Gough sees both sides as there are kids locked up in bigger schools who never see the pitch but transfer without the hassle of a year’s absence.

Sam Wiglusz of Brecksville is one such success story. He continued at Ohio State but got lost on the depth board and moved on to Ohio University where he led the Bobcats with 73 catches for 877 yards and 11 touchdowns to earn all-conference honors last season.

There is also the case of the departures of coaches which allow players to leave their NLI after the season.

Where The Transfer Portal Integrates With College Football Coaches

Former Florida running back Lorenzo Lingard was one of the University of Akron success stories when the five-star running back used the portal in December to trade to the Zips.

Kent State lost 17 players on the transfer portal in December, while the University of Akron lost 15. Notable transfers included Golden Flashes quarterback Collin Schlee (now at UCLA) and wide receiver of all leagues, Dante Cephas (now at Penn State).

On the other hand, the Zips added former five-star running back Lorenzo Lingard to the Florida roster.

So far, Kent has added eight players from the Portal, while Akron has picked up three.

When Akron recruits, they don’t worry about a high school athlete walking into the portal, because the reality is there’s no way to plan it or even control it.

Zips coach Joe Moorhead said the No. 1 goal for his coaches was to assess adjustments for the program.

“Philosophically, we will never give up recruiting high school student athletes because I think that takes away the fundamental development of your program,” he said. “I think over the last couple of seasons we’ve actually leaned a little more towards the portal out of necessity and choice. Again, the portal has provided an opportunity for college programs, especially [Power Five]to add players to the roster who are talented and experienced, so I think we’d be remiss not to certainly explore those options, but never at the expense of dropping out, our high school recruiting.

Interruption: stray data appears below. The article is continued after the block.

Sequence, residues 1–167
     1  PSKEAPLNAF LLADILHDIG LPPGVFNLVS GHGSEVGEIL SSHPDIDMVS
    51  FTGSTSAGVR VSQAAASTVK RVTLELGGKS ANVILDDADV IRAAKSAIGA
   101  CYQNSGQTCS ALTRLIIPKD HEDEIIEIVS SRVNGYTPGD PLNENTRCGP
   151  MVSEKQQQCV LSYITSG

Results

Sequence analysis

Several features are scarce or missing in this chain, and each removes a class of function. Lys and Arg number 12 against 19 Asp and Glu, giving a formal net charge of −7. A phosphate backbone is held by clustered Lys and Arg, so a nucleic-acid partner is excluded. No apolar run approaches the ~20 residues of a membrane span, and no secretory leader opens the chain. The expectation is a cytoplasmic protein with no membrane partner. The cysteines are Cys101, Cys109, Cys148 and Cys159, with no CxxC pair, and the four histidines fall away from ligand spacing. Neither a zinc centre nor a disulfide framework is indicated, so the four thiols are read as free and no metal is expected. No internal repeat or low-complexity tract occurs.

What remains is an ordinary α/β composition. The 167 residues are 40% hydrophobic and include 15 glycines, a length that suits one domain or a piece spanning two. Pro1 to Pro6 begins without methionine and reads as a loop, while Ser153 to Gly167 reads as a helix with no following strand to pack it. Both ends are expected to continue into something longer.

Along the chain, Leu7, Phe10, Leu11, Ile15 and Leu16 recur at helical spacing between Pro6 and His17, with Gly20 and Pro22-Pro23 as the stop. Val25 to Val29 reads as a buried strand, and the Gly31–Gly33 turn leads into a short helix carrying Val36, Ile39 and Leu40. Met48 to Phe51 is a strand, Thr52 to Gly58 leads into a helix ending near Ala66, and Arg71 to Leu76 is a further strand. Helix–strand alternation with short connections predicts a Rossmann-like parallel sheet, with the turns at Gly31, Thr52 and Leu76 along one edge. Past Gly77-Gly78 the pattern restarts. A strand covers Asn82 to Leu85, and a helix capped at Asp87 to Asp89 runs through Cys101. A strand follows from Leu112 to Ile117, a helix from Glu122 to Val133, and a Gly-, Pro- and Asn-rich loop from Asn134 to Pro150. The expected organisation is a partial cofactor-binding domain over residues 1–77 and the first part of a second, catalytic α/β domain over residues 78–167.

The NCAA is trying to follow up on the issue and has eliminated the 25-man limit on recruiting classes.

Schools can now add the number of players needed to replace those lost to graduation or transfers, as long as the overall roster remains at 85.

Again, there is a double edged sword as there are fears that players will be kicked out of teams.

“They have to go out and search and communicate with the recruit in the portal to come to their school,” Gough said. “Then it goes to high school students, and then another wave happens after the bowling season opens, so there are three new rounds of recruiting. But I don’t think it’s all bad. I just think that’s just how you have to navigate communication with parents and children.

Nate Ulrich contributed to this story.

Contact Brad Bournival at [email protected] and follow him on Twitter at @bbournival.

This article originally appeared on Akron Beacon Journal: Transfer Portal’s Good, Bad in College Football Recruiting